College dropout “dream”

Maker dilemma

We are not referring Table-maker's dilemma, but the Maker's dilemma described in [1].

Prices are determined by supply and demand, and there is just not as much demand for things that are fun to work on as there is for things that solve the mundane problems of individual customers. Paul Graham.

What happens when you want to make something that the market doesn’t like it? What happens when the market like something and you don’t like it? TODO: SouthPark popularity and virality.

Suppose you love making operating systems and you want to sell your hobbyist operating system. The market doesn't care what you want. The market would say “WTF! Another operating system”, “Why should I change my Windows? I know, sometimes doesn't work well, but works for me and I’m not going to change my working operating system for an unknown one.”, “make something productive as sales management or another CRUD-like”.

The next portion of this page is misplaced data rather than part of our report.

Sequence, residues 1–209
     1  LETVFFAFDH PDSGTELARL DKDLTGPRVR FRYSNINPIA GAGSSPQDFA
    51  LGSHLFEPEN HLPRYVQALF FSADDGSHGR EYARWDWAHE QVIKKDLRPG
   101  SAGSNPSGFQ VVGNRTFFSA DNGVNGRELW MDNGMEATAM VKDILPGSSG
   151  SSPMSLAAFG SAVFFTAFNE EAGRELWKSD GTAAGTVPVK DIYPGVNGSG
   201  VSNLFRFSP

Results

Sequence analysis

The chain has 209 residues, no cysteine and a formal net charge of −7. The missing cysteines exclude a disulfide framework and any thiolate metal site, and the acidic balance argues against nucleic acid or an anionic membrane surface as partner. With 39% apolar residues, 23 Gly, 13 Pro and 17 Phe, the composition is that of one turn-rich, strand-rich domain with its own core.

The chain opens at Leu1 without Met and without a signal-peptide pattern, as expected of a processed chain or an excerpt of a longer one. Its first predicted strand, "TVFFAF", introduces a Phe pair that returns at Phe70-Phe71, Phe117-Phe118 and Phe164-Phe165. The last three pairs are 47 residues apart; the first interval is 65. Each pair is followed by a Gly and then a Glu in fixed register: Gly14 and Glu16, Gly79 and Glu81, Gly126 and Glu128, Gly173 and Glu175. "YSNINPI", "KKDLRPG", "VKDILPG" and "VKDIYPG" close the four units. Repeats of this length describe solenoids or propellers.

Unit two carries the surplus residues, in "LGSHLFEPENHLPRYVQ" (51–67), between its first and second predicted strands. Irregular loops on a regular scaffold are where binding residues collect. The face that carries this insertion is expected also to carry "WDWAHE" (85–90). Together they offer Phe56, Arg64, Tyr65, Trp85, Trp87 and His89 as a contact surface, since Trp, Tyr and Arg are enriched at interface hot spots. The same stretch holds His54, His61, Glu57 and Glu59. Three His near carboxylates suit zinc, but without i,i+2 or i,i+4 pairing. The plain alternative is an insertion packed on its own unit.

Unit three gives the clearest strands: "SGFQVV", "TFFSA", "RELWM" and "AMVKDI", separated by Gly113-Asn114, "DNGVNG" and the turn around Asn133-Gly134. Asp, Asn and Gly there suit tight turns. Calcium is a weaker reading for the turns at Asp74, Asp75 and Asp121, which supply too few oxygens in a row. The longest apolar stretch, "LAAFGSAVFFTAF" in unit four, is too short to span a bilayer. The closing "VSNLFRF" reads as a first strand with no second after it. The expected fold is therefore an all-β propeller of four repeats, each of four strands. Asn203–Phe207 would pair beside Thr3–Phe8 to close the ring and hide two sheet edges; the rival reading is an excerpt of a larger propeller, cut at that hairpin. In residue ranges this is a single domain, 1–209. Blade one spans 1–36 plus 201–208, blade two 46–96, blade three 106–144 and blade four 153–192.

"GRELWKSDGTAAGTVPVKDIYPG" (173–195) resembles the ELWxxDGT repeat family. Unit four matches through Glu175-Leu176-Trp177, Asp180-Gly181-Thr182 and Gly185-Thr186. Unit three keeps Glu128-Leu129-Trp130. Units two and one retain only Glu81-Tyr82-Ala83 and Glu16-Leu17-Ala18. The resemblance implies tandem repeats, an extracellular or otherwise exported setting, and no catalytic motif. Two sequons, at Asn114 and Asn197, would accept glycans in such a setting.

YouTube shows people see silly things most of the time, would you do silly videos because you want people to see them?

The consumption of Junket food shows people love them, would you produce them because you want people to do something valuable?

Because the world is moved by incentives, what incentives do you have to build your product?

In a free economy, there is one and only one social responsibility of business - to use its resources and engage in activities designed to increase its profits so long as it stays within the rules of the game, which is to say, engages in open and free competition, without deception or fraud. “Capitalism and Freedom” p. 133 by Milton Friedman